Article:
Compartmentalize distractions – Let’s face it, much of society has become centered around FOMO, or Fear of Missing Out. This includes social media, CNN updates, and the latest video downloads. You can’t just turn all this off. Besides, going “cold turkey” will make you nuts. Rather than all or nothing, set aside increasing amounts of time when you train your focus on the task or decision at hand. Then reward yourself by checking Facebook, searching Pinterest for recipes or watching cute kitty videos on YouTube. Will this transition take time? You bet. But anything worth having requires self-discipline and perseverance.

Seek insights from those who do it well – Look around, you know who those people are. They are the people you admire, the people in charge, the people to whom others turn for counsel. Outside of your workplace, you might find them in your other activities such as a place of worship, a school activity or a hobby you pursue. Make a list of them. When the opportunity presents itself, ask each one, “I admire how you’re able to make the best decisions by really focusing on the task at hand. What are your secrets for doing so?” Then get quiet, listen and learn.

Build your stamina – Changing habits is hard. But no one said the path to on-going success was easy. We are all surrounded by endless distractions and temptations. Incremental change is the key to ridding yourself of the multitasking monster. Those who do, however, are rewarded with a sense of momentum in their outcomes. They discover the value of concentration, reflection and grit. After all, it not how fast you make a decision, but the quality of the outcome. That’s what gets people promoted.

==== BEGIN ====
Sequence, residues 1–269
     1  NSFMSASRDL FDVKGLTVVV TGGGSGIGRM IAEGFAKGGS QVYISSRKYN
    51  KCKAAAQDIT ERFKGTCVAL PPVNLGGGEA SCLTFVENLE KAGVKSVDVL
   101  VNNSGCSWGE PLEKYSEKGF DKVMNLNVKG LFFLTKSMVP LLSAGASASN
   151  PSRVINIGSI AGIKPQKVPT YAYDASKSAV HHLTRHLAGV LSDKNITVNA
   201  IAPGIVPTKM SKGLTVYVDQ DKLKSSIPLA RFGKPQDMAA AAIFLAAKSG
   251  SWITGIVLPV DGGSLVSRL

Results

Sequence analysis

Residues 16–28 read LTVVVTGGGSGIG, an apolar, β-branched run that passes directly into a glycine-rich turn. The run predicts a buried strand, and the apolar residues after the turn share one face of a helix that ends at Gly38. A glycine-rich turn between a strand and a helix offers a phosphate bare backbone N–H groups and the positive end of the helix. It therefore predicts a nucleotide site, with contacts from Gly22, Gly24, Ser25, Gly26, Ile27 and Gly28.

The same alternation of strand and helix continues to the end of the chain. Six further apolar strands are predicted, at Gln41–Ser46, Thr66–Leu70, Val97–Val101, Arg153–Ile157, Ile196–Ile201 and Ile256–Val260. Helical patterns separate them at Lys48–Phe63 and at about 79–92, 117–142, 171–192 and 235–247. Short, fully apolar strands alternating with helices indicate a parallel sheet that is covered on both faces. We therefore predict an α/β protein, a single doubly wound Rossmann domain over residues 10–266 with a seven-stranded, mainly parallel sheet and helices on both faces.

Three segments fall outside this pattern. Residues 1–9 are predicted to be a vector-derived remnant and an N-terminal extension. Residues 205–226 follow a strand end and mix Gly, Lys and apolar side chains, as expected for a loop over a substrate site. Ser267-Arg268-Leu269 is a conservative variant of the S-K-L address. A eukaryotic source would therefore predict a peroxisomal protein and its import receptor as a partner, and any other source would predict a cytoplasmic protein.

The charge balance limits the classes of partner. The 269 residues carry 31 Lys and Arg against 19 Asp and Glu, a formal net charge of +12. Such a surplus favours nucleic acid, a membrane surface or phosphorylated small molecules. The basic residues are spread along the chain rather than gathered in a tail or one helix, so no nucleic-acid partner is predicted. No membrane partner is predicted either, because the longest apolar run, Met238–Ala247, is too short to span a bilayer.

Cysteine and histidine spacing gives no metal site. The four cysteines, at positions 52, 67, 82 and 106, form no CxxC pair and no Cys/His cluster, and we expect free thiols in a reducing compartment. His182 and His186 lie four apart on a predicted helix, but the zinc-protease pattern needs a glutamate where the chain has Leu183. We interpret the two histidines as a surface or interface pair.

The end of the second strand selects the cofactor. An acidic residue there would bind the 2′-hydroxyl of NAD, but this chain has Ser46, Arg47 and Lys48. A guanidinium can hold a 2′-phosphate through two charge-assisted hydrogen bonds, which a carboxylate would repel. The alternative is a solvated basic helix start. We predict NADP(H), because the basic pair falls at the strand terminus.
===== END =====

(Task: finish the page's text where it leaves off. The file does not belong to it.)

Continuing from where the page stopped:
Relish the rewards – Talk to those who have vanquished multitasking and developed good habits of concentration and compartmentalization. They’ll tell you they also take time to enjoy the rewards. Ironically, they sometimes get their best insights when relaxing and reflecting. For them, taking time to focus is critical. But taking time to relax as well forms a great balance for success.